5664. When you did look over the starboard side there were no boats either forward or aft?
- No, not alongside the ship.
5665. So that all the boats either forward or aft had gone from the starboard side?
- Yes. The only two left were on the port side, the afterend of the ship.
5666. (The Commissioner.) And they were the only two lifeboats left?
- Round the ship, yes.
5667. (The Attorney-General.) Either lifeboats or emergency boats?
And they were 14 and 16.
5668. (The Attorney-General.) That is right?
- They were full up with women. There were only two men in one boat and that was the one I got into. They pulled back for two more men, and we got in from the ship's side.
5669. (The Attorney-General.) He is right; that is boat 14; they took off two men?
- Yes; we got up on the davits and went down the falls. I got halfway down and went into the water. Ranger happened to get into the boat without getting wet. I was in the water, I suppose, about four or five minutes and they pulled me in.
5670. You were pulled in and taken into the same boat that Ranger was in?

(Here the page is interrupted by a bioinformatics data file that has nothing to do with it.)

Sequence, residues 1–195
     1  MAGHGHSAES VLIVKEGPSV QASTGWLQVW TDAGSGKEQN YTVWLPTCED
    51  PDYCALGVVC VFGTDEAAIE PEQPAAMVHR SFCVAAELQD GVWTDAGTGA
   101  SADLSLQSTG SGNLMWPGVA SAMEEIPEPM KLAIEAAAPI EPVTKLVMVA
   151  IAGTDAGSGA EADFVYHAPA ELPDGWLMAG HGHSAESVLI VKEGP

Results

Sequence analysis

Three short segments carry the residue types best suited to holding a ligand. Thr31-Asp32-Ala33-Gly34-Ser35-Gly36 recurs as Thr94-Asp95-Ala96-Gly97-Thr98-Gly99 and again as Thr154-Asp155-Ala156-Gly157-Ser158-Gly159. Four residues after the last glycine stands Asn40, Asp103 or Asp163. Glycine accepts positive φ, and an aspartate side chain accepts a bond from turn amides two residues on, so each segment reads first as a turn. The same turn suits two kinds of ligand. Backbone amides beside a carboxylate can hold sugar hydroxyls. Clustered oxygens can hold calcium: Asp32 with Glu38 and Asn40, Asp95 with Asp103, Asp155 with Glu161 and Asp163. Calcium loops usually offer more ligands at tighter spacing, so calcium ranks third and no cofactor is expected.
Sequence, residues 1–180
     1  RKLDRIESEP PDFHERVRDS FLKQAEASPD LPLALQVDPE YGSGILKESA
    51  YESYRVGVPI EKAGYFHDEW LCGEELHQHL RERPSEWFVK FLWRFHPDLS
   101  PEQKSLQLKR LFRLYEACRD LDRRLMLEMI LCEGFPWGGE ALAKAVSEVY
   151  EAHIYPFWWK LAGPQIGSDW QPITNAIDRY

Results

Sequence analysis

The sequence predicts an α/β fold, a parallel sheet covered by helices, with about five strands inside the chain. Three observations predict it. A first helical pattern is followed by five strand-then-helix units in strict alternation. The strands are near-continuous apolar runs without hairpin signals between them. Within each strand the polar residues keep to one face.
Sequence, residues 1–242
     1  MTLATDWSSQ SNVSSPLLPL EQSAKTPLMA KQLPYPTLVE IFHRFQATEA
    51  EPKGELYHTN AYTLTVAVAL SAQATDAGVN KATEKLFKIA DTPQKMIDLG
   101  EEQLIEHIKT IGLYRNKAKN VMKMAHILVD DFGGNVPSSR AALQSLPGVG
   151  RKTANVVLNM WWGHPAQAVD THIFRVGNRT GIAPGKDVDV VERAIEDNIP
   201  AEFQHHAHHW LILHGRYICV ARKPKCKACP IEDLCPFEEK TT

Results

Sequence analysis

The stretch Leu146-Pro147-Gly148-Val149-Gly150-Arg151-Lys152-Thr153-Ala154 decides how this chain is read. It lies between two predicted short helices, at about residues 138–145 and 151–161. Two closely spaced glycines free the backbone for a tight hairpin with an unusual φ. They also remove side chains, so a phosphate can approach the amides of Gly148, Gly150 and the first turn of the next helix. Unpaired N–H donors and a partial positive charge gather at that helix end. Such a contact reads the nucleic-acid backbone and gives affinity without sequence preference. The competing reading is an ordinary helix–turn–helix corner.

5671. There were only two men?
5672. All the rest were women?
- Yes; it was filled up with women.
5673. Any children?
- Yes, one or two, but I cannot say how many, and I cannot say how many were in the boat, but I know she was full up. We pulled away from the ship's side and we had not been away long before the ship started breaking up, and her stern went up in the air, and you could see her three propellers nearly the same as you can see them on the model.
5674. You got away?
- Yes; we had just got at the stern of her when she started breaking up.
5675. You say she started breaking up?
- Yes; she broke off at the after-funnel, and when she broke off her stern end came up in the air and came down on a level keel and disappeared.
5676. It went up in the air and came back on a level keel?
5677. Then did she go up again before she disappeared?
5678. Simply sank?
- She simply sank.
5679. (The Commissioner.) Where did she break?
- The after-funnel.
5680. (The Attorney-General.) Do you mean between the third and fourth funnels?
- No, the after-funnel. From the after-funnel to the stern of her.
5681. Do you mean the break was aft of her last funnel?
- Yes, just aft of the last funnel.
5682. (The Commissioner.) Aft of the ventilating funnel?
- Yes, that is right.
Does this agree with the other evidence?
I thought the other Witness made it more forward.
Yes, between the forward and the second funnels; and one of the Witnesses said she came back and righted on her keel and then up-ended again, with her stern in the air, and then plunged into the water. There is, not unnaturally, some discrepancy about it. There is some evidence from one of the Witnesses, who said the last funnel seemed to come towards him, then to go aft. Your Lordship will remember that.